Gilmore says State takes blame for EU problems

 

THE STATE had to shoulder its fair share of the blame for creating the EU’s serious difficulties, Minister for Foreign Affairs Eamon Gilmore said yesterday.

“A profound failure of economic management during the boom, and a series of policy errors after the boom came to an end, have placed Ireland in need of external assistance. We have been the beneficiaries of European solidarity, without which we would have been unable to fund the State.’’

Mr Gilmore said the State was grateful for that assistance even if it had suffered a huge loss of effective sovereignty that would only be restored when it could once again pay its way in the world.

Mr Gilmore, who was giving the state of the union address to the Institute of International and European Affairs in Dublin, said that to the wider world, and to many of its own citizens, the ponderous pace at which the EU had addressed the sovereign debt crisis was incomprehensible. “The crisis has appeared to rumble on without sight of a comprehensive solution, and financial markets in particular have found this brand of policy-making deeply unsettling.’’

Mr Gilmore said that, having accepted its share of the blame for creating the problem, it should also be acknowledged that the State was now doing its part to contribute to a solution.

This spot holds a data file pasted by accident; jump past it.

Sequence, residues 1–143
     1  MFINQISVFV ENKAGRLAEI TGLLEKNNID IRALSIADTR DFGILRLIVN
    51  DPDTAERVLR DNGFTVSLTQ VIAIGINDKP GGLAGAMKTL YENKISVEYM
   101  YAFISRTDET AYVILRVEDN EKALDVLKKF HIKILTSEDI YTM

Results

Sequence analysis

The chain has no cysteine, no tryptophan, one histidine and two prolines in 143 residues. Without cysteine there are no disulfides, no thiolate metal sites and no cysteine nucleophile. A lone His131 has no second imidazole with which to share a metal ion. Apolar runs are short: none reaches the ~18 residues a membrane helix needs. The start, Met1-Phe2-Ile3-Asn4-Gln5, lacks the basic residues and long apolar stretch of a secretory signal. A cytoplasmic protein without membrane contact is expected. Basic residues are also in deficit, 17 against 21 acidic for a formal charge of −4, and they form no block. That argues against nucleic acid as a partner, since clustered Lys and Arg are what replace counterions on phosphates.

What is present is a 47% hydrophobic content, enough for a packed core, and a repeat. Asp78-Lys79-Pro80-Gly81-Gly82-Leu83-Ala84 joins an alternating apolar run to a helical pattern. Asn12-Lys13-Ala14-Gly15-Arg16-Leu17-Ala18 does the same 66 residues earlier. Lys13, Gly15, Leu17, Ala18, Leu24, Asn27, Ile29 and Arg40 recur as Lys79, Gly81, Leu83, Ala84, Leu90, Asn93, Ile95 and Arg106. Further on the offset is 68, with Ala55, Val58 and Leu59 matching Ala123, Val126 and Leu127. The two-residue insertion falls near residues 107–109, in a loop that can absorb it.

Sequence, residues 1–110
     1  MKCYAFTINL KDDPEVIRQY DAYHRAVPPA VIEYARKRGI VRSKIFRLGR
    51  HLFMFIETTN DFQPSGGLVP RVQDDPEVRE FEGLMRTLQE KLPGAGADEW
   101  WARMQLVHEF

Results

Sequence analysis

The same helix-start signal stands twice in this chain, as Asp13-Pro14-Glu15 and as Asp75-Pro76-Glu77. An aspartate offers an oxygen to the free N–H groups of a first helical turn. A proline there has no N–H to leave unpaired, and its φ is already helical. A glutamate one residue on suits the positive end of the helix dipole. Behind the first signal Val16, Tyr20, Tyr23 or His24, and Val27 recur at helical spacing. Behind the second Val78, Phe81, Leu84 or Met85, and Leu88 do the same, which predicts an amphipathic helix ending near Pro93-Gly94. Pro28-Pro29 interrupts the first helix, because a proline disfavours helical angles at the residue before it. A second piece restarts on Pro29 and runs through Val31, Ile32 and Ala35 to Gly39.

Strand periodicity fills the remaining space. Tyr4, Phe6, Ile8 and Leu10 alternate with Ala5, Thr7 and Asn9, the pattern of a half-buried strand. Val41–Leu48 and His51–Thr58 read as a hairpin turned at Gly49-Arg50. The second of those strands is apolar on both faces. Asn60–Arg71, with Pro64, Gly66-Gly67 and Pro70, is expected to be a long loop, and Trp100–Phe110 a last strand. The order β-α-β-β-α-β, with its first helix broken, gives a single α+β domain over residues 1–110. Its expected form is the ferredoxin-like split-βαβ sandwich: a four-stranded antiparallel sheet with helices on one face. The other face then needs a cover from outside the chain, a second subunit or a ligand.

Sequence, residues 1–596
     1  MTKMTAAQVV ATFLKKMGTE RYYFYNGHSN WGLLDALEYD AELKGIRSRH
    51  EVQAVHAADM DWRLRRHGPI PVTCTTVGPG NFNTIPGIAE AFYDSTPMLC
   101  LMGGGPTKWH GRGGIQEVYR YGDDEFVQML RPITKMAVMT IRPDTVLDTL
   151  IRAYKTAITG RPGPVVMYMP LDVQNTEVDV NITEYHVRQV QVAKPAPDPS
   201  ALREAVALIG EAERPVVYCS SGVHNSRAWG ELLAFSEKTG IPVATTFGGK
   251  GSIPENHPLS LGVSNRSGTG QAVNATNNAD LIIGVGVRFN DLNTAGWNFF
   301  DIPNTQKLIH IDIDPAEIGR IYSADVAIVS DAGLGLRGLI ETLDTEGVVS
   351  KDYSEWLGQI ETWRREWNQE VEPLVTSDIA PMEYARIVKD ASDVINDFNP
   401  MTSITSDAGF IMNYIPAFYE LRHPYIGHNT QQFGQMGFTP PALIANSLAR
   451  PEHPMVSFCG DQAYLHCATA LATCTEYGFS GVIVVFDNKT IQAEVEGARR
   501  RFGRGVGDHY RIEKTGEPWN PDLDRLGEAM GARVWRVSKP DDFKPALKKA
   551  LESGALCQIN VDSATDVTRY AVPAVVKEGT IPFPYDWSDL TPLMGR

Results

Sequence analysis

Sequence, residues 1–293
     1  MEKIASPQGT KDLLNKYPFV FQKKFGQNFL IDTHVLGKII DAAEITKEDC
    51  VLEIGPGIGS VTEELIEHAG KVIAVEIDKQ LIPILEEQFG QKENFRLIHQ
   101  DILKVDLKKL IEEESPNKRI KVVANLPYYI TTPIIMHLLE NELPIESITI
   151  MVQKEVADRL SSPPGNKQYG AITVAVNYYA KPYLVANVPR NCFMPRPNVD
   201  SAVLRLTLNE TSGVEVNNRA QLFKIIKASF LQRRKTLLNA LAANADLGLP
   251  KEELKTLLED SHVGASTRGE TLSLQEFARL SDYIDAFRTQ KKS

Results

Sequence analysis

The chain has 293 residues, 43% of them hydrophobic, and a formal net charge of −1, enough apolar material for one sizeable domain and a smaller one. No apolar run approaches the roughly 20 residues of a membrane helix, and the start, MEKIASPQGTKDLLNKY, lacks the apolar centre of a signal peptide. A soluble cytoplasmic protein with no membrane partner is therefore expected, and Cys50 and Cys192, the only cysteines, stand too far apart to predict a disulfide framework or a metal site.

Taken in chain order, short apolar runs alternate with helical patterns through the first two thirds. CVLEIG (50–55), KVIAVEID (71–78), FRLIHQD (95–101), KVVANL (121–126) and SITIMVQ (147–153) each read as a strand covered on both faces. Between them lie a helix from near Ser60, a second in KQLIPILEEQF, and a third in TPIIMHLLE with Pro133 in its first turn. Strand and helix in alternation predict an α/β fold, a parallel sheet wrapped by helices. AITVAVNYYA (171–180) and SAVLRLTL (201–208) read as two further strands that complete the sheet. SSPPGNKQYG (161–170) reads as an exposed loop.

The Government had taken a series of decisive actions in respect of the banking system that had set the banks on course to recovery. The Irish people had also endured a massive fiscal correction to set our public finances on the right course.

“Our EU-IMF programme is on track, and we are demonstrating our willingness to take the necessary actions to restore Ireland’s creditworthiness. Of course that is something that we want to do for ourselves, but it should be acknowledged that in doing so we are contributing to solving what is also very much a European problem.’’

What was also important, said Mr Gilmore, was that in finalising a solution for Greece there was effective communication of the implications, if any, for other programme countries.

“Once again it is important for us to emphasise that Ireland’s programme is on track, and important for our partners to ensure that, along with a solution for Greece, we produce a clear and stable policy environment for programme countries.’’